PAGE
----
Charles E. Griswold

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Terrestrial arthropod surveys and inventories frequently suffer from undersampling bias; common species are over-represented and rare species may be missed entirely. This study compared a rapid (3 days) and intense inventory of spiders from one hectare of a mature beech forest (Fagus sylvaticus) in Hestehaven, Denmark, comprising 8,710 adult spiders of 66(More)
Spiders (Order Araneae) are massively abundant generalist arthropod predators that are found in nearly every ecosystem on the planet and have persisted for over 380 million years. Spiders have long served as evolutionary models for studying complex mating and web spinning behaviors, key innovation and adaptive radiation hypotheses, and have been inspiration(More)
The phylogenetic relationships in an endemic group of Malagasy 'assassin spiders' (Araneae, Archaeidae: Eriauchenius) called the gracilicollis group, are inferred from mitochondrial 12S, 16S and COI DNA sequence data. Archaeid spiders of Madagascar have evolved varying degrees of elongation in the cephalic area. These molecular data support the monophyly of(More)
Incorporation of fossils into biogeographic studies can have a profound effect on the conclusions that result, particularly when fossil ranges are nonoverlapping with extant ranges. This is the case in archaeid spiders, where there are known fossils from the Northern Hemisphere, yet all living members are restricted to the Southern Hemisphere. To better(More)
Penestomine spiders were first described from females only and placed in the family Eresidae. Discovery of the male decades later brought surprises, especially in the morphology of the male pedipalp, which features (among other things) a retrolateral tibial apophysis (RTA). The presence of an RTA is synapomorphic for a large clade of spiders exclusive of(More)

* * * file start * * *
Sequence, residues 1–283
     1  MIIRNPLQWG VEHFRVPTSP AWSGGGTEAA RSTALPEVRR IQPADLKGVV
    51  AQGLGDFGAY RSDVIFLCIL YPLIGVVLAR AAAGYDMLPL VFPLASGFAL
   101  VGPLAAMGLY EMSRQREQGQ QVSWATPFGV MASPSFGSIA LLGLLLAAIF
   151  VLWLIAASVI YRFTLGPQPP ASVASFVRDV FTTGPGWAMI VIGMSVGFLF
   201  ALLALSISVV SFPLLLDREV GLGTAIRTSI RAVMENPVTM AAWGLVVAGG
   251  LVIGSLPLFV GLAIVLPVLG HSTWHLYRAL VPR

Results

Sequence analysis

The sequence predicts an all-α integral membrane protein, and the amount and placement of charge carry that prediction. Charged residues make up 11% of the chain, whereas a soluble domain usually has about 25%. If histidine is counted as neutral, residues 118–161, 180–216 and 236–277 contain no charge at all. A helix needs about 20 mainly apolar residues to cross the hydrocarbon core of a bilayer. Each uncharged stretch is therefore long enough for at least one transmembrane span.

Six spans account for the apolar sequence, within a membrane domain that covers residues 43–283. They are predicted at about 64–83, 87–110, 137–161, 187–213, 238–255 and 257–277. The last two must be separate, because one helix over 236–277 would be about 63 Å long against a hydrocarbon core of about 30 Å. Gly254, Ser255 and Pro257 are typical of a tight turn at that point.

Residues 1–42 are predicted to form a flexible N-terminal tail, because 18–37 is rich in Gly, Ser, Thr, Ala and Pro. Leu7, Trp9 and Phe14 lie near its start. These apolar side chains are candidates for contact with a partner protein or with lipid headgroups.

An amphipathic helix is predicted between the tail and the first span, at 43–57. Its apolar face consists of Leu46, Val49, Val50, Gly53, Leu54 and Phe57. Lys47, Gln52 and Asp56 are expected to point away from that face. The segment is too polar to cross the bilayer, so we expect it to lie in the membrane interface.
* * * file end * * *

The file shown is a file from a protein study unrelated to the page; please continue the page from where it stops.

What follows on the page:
Images are paramount in documentation of morphological data. Production and reproduction costs have traditionally limited how many illustrations taxonomy could afford to publish, and much comparative knowledge continues to be lost as generations turn over. Now digital images are cheaply produced and easily disseminated electronically but pose problems in(More)
The orb-weaving spiders (Orbiculariae) comprise more than 25% of the approximately 44,000 known living spider species and produce a remarkable variety of webs. The wheel-shaped orb web is primitive to this clade, but most Orbiculariae make webs hardly recognizable as orbs. Orb-weavers date at least to the Jurassic. With no evidence for convergence of the(More)
The new spider genus and species Trogloraptor marchingtoni Griswold, Audisio & Ledford is described as the type of the new family Trogloraptoridae. The oblique membranous division of the basal segment of the anterior lateral spinnerets of Trogloraptor suggests that this haplogyne family is the sister group of the other Dysderoidea (Dysderidae, Oonopidae,(More)
The spider genus Tayshaneta is revised based on results from a three gene phylogenetic analysis (Ledford et al. 2011) and a comprehensive morphological survey using scanning electron (SEM) and compound light microscopy. The morphology and relationships within Tayshaneta are discussed and five species-groups are supported by phylogenetic analyses: the(More)